Deer Valley — Elvis Costello always has been a master at subverting expectations, whether it be sticking it to "the man" by switching songs midstream on Saturday Night Live or releasing an album with a sticker warning listeners of the country-western content within.
But performing with a symphony orchestra, singing the lines "The infants are dozin'; that's the kind of life I've chosen" — a reference to his 2½-year-old twin sons with wife Diana Krall? Not even the most avid followers of the British rock icon could have seen that one coming.
Costello was the Utah Symphony's guest on the closing concert of the Deer Valley Music Festival. It's his only orchestra date in North America this year, and the lucky patrons on the chilly hillside were treated to a mix of tunes from throughout his long and prolific career.
An extended orchestral introduction and Costello's crooning delivery on "Accidents Will Happen" made it quickly apparent he wasn't going to reprise his hits note for note.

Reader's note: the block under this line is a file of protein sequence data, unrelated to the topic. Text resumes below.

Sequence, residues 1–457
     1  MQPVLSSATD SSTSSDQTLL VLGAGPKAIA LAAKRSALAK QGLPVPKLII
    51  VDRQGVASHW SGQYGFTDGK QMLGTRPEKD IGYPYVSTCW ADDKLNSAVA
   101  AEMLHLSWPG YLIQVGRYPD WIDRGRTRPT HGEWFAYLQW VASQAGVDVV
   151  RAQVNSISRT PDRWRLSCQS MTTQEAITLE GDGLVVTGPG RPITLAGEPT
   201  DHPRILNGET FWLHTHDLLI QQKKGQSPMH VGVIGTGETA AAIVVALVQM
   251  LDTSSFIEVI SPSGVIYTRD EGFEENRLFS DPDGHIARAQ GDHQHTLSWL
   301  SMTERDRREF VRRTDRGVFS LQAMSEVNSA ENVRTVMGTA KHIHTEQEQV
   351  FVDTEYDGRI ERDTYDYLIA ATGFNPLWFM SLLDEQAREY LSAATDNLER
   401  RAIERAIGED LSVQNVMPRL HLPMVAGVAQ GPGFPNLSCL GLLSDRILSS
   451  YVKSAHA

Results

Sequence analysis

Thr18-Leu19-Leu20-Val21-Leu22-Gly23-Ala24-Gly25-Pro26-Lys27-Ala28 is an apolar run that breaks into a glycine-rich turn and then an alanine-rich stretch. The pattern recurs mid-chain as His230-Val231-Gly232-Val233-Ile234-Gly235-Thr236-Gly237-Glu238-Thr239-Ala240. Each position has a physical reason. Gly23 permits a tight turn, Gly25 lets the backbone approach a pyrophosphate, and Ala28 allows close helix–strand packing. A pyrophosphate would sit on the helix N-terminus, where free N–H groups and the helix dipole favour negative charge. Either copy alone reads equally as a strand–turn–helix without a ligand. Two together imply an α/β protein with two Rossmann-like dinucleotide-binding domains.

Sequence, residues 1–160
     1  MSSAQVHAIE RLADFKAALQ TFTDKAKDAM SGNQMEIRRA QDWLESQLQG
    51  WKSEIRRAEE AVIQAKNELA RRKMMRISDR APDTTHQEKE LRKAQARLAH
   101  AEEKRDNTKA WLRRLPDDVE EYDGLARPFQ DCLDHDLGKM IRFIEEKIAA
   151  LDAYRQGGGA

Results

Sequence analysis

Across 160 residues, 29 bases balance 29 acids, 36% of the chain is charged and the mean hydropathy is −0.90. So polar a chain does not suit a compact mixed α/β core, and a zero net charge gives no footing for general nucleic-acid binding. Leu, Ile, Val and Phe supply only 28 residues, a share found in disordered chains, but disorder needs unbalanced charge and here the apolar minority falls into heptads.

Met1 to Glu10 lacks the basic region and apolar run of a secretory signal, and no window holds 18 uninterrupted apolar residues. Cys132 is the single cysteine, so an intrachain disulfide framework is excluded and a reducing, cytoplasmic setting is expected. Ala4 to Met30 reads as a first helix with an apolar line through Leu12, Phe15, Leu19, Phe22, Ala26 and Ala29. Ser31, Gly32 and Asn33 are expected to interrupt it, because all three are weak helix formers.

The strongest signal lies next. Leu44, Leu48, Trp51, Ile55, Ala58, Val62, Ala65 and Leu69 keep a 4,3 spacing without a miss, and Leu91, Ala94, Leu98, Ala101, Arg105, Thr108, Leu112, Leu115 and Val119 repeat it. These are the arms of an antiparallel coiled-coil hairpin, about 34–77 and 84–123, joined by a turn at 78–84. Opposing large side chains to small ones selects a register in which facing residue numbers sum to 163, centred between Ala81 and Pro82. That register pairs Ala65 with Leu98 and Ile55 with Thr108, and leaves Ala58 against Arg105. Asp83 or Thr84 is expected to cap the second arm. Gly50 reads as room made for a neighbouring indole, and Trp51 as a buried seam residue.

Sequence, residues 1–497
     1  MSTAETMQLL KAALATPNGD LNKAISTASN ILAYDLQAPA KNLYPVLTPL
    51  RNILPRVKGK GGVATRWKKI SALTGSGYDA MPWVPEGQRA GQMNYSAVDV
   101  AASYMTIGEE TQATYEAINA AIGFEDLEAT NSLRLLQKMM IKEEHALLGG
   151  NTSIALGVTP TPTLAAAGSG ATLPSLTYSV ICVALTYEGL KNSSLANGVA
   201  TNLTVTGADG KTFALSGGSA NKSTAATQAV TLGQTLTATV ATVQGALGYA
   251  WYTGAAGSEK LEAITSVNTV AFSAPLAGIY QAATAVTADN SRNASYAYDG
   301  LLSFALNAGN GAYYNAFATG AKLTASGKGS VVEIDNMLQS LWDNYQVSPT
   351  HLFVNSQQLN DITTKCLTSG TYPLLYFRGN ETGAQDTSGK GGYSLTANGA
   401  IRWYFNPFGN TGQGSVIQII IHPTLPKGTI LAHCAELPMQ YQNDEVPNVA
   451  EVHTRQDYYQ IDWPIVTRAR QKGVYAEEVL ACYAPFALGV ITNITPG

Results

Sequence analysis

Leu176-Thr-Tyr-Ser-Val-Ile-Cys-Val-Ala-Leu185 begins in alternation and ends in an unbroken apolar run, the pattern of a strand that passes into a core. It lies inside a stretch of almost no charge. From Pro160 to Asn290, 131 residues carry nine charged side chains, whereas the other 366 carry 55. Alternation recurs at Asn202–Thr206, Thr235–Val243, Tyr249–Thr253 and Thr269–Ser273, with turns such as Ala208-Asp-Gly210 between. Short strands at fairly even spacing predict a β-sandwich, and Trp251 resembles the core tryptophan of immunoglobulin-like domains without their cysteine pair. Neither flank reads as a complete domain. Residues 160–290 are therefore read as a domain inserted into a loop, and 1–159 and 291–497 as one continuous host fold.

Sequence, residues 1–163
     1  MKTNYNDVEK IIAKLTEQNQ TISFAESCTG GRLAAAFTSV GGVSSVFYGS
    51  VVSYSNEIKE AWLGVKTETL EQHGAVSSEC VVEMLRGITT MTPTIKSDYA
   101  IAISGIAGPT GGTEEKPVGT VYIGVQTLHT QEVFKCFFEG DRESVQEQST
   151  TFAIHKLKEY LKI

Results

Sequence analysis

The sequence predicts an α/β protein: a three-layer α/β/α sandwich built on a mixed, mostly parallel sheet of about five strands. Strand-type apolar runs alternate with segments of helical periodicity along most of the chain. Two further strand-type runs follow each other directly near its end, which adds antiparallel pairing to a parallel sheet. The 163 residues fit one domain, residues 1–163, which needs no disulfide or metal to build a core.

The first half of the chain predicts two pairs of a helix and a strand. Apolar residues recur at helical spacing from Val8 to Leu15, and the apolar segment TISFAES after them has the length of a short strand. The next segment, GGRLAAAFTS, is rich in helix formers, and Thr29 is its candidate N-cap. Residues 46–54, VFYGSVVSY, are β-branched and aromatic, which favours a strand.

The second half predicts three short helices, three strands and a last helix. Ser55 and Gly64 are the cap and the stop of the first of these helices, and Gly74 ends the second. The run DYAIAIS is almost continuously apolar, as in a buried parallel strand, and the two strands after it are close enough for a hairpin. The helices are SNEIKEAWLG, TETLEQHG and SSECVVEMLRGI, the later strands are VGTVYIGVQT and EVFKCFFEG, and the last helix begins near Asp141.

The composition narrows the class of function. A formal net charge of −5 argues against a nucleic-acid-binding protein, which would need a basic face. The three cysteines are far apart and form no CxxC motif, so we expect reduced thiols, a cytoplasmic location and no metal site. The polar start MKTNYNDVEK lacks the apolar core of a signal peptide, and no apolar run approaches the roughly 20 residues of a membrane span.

Later in the evening, he introduced "Watching the Detectives" by noting it "used to go one way, and now it goes another way." The sped-up, noirish reinvention of the early hit was one of the highlights of the two-hour set, as Costello spat out the witty lyrics like bullets; dueling saxophone solos from Daron Bradford and Ray Smith smartly complemented Steve Nieve's killer piano.
Costello and his conductor, Alan Broadbent, involved the Utah Symphony in almost all of the selections, and while Deer Valley is still far from an ideal venue to hear an orchestra properly, the arrangements — most of them Costello's, and at least one of them written for this show — proved he is an intelligent, inventive orchestrator. "Bedlam" was a particularly fine example.
No one sings like Elvis Costello. His voice is one of the most distinctive in contemporary music. It isn't the most polished instrument, but he knows how to deploy it to sell a song. His expressive delivery of songs such as Billy Strayhorn's "My Flame Burns Blue" and Charles Aznavour's "She" gave the impression he could release an album of standards and actually pull it off.
It wasn't until the encores, though, that Costello and Nieve really cut loose and rocked.
The singer tossed a saucy local reference into "Sulphur and Sugarcane" ("I gave up married women 'cause they told me it's a sin, but now I'm here in Utah, I might take them up again"), then brought the evening to a satisfying close with a vintage Costello hit, "Alison."